1. CI/CD Pipelines for Machine Learning on Kubernetes


    Creating a CI/CD (Continuous Integration/Continuous Deployment) pipeline for Machine Learning on Kubernetes can be a complex process. It involves several components that work together to train models, manage the infrastructure, and deploy the resulting models into production.

    Using Pulumi, you can define these infrastructure components programmatically, which adds the benefit of version control and better collaboration among team members.

    Let’s walk through the main components you would typically need and how we can use Pulumi to deploy them:

    1. Version Control for Code: A source code repository such as GitHub, GitLab, or Azure Repos to store your Machine Learning project code.
    2. Build Server/Service: A build service like Azure DevOps Pipelines, Jenkins, or GitHub Actions to automate the training and testing of your models.
    3. Docker Registry: A place to store your containerized applications, e.g., Docker Hub, Amazon ECR, or Azure Container Registry.
    4. Kubernetes Cluster: A Kubernetes cluster to deploy your applications. You can use managed Kubernetes services like AKS (Azure Kubernetes Service), EKS (Amazon Elastic Kubernetes Service), or GKE (Google Kubernetes Engine).
    5. Machine Learning Training and Deployment: This could be using Azure Machine Learning, Amazon SageMaker, Kubeflow, or a custom solution on Kubernetes.

    For this example, we'll focus on setting up the Azure Machine Learning workspace and Kubernetes cluster using the Azure cloud provider with Pulumi to host and manage our machine learning workloads.

    Azure Machine Learning provides a cloud-based environment to prepare data, train, test, deploy, manage, and track machine learning models. Kubernetes will serve as the deployment platform for serving the models.

    Below is a Pulumi program in Python that sets up an Azure Machine Learning workspace and a Kubernetes cluster with Azure Kubernetes Service (AKS):

    import pulumi from pulumi_azure_native import resources, containerservice, machinelearningservices # Create an Azure Resource Group resource_group = resources.ResourceGroup("mlResourceGroup") # Create an Azure Machine Learning Workspace workspace = machinelearningservices.Workspace( "mlWorkspace", resource_group_name=resource_group.name, location=resource_group.location, sku=machinelearningservices.SkuArgs(name="Standard"), identity=machinelearningservices.IdentityArgs( type="SystemAssigned", ), ) # Create an Azure Kubernetes Service cluster aks_cluster = containerservice.ManagedCluster( "aksCluster", resource_group_name=resource_group.name, location=resource_group.location, agent_pool_profiles=[{ "count": 3, "max_pods": 110, "mode": "System", "name": "agentpool", "os_type": "Linux", "vm_size": "Standard_DS2_v2", }], dns_prefix=resource_group.name, enable_rgbac=True, ) # Export the kubeconfig kubeconfig = pulumi.Output.all(resource_group.name, aks_cluster.name).apply( lambda args: containerservice.list_managed_cluster_user_credentials( resource_group_name=args[0], resource_name=args[1], ).kubeconfigs[0].value.apply( lambda enc: enc.decode('utf-8') ) ) pulumi.export("kubeconfig", kubeconfig) # Export the Machine Learning Workspace URL pulumi.export("mlWorkspaceUrl", workspace.workspace_url)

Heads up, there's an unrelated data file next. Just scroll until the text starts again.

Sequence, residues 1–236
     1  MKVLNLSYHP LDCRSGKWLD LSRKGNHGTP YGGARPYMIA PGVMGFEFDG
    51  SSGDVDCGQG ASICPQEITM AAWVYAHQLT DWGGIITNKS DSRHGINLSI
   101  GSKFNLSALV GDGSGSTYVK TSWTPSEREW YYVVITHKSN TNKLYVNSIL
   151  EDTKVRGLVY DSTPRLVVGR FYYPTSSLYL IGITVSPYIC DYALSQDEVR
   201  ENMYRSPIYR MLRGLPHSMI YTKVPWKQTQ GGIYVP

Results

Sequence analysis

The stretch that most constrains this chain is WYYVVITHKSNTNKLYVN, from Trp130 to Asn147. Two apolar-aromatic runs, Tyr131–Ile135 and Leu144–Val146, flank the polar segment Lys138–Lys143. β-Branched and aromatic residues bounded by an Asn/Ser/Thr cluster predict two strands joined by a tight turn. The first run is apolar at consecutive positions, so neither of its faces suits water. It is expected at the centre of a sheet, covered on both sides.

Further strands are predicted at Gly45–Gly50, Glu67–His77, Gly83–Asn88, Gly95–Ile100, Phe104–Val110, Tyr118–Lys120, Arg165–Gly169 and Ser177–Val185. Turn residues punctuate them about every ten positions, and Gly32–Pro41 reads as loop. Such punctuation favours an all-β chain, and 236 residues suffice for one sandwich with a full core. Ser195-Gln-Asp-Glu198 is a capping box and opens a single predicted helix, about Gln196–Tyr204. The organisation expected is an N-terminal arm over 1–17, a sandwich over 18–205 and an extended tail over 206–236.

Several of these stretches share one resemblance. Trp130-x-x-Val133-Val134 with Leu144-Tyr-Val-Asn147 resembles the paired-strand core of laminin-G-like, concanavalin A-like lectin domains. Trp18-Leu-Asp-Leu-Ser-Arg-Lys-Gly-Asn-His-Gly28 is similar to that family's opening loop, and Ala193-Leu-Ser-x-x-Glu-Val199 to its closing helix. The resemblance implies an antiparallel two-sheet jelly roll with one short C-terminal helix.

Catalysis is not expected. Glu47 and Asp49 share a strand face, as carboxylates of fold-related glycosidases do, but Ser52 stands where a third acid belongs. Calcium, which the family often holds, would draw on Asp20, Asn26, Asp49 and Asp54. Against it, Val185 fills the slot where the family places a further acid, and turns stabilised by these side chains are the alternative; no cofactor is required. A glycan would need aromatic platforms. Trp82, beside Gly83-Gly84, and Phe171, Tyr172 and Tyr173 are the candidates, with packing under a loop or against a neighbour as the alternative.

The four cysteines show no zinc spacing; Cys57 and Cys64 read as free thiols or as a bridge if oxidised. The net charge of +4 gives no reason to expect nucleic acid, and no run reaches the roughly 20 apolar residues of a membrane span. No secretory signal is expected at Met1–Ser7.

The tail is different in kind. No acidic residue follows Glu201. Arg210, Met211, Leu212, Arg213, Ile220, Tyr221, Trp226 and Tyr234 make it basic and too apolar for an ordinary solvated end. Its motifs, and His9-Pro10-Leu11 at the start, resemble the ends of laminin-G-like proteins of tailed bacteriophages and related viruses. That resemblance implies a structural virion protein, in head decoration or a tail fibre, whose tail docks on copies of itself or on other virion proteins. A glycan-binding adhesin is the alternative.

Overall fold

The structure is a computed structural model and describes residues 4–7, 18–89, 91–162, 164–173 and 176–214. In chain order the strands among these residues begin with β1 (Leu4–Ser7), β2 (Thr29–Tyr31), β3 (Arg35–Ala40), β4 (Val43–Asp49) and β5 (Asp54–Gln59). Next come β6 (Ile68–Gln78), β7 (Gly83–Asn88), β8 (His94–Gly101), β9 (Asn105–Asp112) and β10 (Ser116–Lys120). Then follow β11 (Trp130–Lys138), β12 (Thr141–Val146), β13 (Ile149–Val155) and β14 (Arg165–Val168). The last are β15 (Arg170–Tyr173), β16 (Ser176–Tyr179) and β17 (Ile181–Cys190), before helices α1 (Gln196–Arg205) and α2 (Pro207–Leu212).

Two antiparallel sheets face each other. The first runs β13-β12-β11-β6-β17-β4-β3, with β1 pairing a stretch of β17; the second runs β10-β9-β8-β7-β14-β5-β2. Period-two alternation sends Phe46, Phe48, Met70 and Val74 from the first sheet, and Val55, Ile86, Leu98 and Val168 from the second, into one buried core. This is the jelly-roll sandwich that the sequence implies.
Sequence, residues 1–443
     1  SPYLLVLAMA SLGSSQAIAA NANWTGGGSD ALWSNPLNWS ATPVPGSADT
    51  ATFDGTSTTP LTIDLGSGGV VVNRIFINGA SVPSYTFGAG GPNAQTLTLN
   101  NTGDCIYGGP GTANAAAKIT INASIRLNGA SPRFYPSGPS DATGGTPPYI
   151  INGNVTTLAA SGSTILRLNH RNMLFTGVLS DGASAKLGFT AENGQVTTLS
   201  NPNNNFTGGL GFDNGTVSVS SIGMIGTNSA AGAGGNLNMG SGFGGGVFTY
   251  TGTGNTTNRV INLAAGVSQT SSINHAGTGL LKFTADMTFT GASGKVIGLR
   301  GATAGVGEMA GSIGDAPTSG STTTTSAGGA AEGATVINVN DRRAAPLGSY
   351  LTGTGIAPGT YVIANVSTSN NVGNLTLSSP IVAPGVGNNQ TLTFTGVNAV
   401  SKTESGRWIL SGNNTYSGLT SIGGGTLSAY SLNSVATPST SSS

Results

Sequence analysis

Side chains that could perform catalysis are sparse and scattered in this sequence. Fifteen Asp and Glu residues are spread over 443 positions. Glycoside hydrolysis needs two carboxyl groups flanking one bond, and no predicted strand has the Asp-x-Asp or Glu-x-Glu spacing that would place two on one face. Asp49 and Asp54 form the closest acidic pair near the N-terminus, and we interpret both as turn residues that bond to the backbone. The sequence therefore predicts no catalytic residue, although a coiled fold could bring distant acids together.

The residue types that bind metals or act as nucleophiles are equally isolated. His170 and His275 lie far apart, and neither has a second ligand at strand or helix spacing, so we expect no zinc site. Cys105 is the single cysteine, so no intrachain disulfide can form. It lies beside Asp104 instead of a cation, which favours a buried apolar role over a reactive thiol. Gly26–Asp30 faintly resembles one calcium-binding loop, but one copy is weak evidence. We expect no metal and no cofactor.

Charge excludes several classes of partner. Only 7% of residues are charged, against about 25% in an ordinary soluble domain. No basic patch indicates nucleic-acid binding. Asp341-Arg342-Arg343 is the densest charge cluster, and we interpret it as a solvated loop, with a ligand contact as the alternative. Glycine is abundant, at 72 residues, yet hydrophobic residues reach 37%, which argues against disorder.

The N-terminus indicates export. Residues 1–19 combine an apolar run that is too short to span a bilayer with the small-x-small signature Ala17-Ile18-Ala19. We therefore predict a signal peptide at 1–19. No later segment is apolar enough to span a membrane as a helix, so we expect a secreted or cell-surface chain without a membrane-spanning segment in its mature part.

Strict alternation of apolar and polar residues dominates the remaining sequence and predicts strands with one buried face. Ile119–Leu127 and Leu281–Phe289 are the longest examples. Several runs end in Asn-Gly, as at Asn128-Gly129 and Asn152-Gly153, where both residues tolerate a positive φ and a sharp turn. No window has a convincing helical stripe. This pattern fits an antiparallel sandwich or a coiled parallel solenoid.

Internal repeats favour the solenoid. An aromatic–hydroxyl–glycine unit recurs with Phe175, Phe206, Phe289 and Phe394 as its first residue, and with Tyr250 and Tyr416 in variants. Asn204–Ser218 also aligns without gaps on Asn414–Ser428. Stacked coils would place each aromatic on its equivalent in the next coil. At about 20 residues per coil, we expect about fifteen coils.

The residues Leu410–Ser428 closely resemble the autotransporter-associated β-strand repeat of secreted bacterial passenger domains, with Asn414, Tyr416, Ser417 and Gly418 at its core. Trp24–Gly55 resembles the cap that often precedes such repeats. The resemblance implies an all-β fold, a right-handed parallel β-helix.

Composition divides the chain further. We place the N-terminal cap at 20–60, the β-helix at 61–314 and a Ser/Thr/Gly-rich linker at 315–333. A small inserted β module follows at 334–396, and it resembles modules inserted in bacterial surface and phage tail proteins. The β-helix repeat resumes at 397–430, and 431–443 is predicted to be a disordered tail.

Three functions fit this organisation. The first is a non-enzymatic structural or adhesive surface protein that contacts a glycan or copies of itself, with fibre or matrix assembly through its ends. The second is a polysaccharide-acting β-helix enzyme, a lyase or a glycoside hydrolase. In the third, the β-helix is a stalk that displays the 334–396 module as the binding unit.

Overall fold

The code above performs the following actions:

    • Resource Creation: An Azure Resource Group is created to host our resources. It then creates an Azure Machine Learning workspace and an AKS Kubernetes cluster.
    • Configuration: The AKS cluster is configured with a System-assigned Managed Identity, enabling Azure services to authenticate and serve resources securely based on the Azure AD identity of the service.
    • Output: The kubeconfig is exported so that we can interact with our Kubernetes cluster using kubectl and other tools. The workspace URL for the Machine Learning workspace is also exported.

    It's important to have the necessary Azure credentials configured in your environment for Pulumi to create resources in your Azure subscription.

    Once you run the Pulumi program, it will output the kubeconfig which you can use to interact with your Kubernetes cluster and the URL to your Machine Learning workspace. You can then deploy containers that serve your machine learning models on the AKS cluster and manage your ML lifecycle in the Azure ML workspace.